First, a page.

I’m choosing not to optimize every financial decision, and that’s okay. It’s my personal choice.
The key is that I actively made a choice not to buy them. It would be one thing if I didn’t spend any time thinking about it and chose the default route because, in that situation, I may miss opportunities worth far more to me.
I know what I am giving up ($306), and I am okay with it.
Should You Buy I Bonds?
Maybe. It depends on your personal situation.
Do you have extra cash you don’t need in the next year? That might be a good reason to buy them.
If there is a chance you need the cash in the next year, I personally wouldn’t buy the bonds because you can’t redeem them in the first year. After the first year, giving up the last three months of interest isn’t bad, especially if the current interest is 0% or a low interest rate. In the case of 0%, you would not be giving up any interest.
The biggest downside is the maximum amount you can buy. Given how little you can buy, is the extra effort worth the additional interest?
For some people, yes. For others, no.
Whenever I am making a financial decision, I also need to factor in the time and energy required to accomplish it. Does it move the needle on the financial plan? Could time be better spent enjoying life and spending time with family and friends? How does it complicate things for me or my heirs in the future?
In this case, it was one other investment to track over time, and I generally prefer simplicity with fewer accounts.
Maybe you are okay with multiple accounts and things being less simple. I’ve personally made the decision to simplify in certain areas because I have other parts of my financial life that are complicated.
The unfortunate aspect of I Bonds right now is that people who have $10,000 available likely won’t see a significant increase to their net worth (i.e. it won’t move the needle), and the people who would benefit greatly from the higher interest may not have the $10,000 to invest in I Bonds.
For instance, if you have a $500,000 net worth, $300+ dollars doesn’t drastically change your net worth. It feels more like a rounding error.
If you have a $1,000 net worth, $300+ dollars does drastically change your net worth.
As you evaluate your own situation, ask yourself these questions:
- Am I okay with opening another account?
- Will I track when the bond matures and report the interest properly (each year or when you redeem it/matures)?
- Will this move the needle in my financial life?
- Is my time more valuable elsewhere?
I Bonds are reasonable investments if people have cash in their savings account they don’t plan on using in the next year. Compared to other bonds backed by the full faith and credit of the US Government, the interest rate is high. Even 10-year Treasury notes are below 1.5% right now.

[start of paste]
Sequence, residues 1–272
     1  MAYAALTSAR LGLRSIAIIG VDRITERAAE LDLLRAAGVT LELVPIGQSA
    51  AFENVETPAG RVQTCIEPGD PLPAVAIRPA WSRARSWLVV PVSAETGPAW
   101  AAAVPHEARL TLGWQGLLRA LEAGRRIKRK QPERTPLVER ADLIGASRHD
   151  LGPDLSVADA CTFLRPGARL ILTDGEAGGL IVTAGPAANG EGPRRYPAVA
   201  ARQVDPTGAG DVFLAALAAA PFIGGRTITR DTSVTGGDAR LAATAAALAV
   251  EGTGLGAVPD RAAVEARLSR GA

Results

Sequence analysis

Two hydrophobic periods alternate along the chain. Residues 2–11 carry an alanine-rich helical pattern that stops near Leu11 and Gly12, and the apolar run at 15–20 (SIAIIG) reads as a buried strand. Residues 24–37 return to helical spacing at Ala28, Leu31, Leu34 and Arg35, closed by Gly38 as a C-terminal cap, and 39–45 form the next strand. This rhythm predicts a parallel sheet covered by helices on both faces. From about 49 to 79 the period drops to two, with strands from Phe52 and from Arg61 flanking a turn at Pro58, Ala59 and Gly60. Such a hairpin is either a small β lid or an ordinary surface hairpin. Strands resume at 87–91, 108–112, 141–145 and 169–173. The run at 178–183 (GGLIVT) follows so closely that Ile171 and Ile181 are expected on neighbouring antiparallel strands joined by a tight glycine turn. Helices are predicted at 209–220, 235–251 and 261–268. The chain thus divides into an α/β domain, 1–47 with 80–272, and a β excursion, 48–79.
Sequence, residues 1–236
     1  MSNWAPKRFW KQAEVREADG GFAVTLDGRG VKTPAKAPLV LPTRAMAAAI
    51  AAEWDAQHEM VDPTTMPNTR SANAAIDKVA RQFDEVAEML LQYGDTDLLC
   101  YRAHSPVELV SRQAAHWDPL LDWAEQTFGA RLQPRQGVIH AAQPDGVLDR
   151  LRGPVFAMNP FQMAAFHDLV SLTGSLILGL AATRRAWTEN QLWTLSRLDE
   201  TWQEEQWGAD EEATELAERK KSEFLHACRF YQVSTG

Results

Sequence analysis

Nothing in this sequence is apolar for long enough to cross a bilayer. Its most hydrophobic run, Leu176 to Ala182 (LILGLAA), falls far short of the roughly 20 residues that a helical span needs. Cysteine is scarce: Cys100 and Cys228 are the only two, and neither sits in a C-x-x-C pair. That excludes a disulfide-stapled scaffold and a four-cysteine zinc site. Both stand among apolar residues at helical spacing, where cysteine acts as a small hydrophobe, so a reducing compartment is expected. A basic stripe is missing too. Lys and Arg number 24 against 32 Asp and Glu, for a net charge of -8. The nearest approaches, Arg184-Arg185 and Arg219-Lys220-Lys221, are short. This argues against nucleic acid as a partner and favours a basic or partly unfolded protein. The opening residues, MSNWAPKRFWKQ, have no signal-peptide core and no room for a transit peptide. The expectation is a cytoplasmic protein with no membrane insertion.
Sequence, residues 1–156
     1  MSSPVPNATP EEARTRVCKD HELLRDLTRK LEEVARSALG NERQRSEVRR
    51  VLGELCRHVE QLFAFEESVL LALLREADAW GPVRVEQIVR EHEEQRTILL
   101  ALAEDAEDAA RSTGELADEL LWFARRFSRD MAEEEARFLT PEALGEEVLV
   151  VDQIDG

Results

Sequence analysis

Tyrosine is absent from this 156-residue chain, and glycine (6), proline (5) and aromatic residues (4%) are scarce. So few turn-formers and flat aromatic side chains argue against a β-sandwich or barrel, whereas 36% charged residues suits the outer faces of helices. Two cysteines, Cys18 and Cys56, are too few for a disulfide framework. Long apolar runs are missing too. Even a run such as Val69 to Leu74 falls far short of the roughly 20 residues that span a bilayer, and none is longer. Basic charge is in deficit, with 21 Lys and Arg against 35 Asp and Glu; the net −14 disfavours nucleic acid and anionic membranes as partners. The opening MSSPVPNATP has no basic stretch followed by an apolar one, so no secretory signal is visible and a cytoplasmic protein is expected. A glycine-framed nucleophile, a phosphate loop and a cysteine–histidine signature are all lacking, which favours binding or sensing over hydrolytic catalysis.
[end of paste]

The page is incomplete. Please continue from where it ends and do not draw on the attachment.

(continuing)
The other benefit of I Bonds is that they are a good inflation hedge. Since the interest rate adjusts every six months based on inflation, you will receive more interest if inflation is higher. It also has a floor of 0%, so if the inflation rate is negative on the bond, the composite rate you earn on the bond won’t go below 0%. But, again, it’s only $10,000 that is being hedged against inflation.
If you are worried about inflation though, another alternative if you have cash you don’t need is to invest the money in stocks. Stocks are normally a decent hedge against rising inflation. As inflation rises, companies normally raise their prices, pass along prices increases to consumers, and then the companies’ earnings also go up. As company earnings go up, stock prices usually rise.
Summary – Final Thoughts
I Bonds have high-interest rates in today’s low bond interest rate environment. There is no denying 7.12% is a good rate of return for a bond backed by the full faith and credit of the US Government.
Many corporate bonds, even higher-yielding ones, don’t offer 7.12% interest rates, and they carry much higher risk.
For those with extra cash not needed in the next year, I Bonds are a reasonable place to park the cash. You likely won’t find a savings account or other lower-risk investment that offers a similar rate of return.
Before you purchase I Bonds, consider the time required to buy them, report the interest, and the complexity of having another account. Maybe your time is more valuable, either monetarily or from a peace of mind perspective, than the interest you will earn from the I Bonds.
Most personal finance decisions are not cut and dry. There is a reason the word “personal” is in “personal finance.” What makes sense for me may not make sense for you and vice versa.
I see many people buying these bonds, and although the interest rate is exciting, the actual dollars involved are not for many people. The $10,000 limit makes it so that I Bonds are not going to move the needle on my financial plan, and I try to reduce the number of things that can give me headaches.
Another account, particularly one designed and run by the US Government, could easily become a source of a headache.
Sometimes it’s okay to optimize for reducing headaches if that means it will cost you a few dollars.
The decision is yours.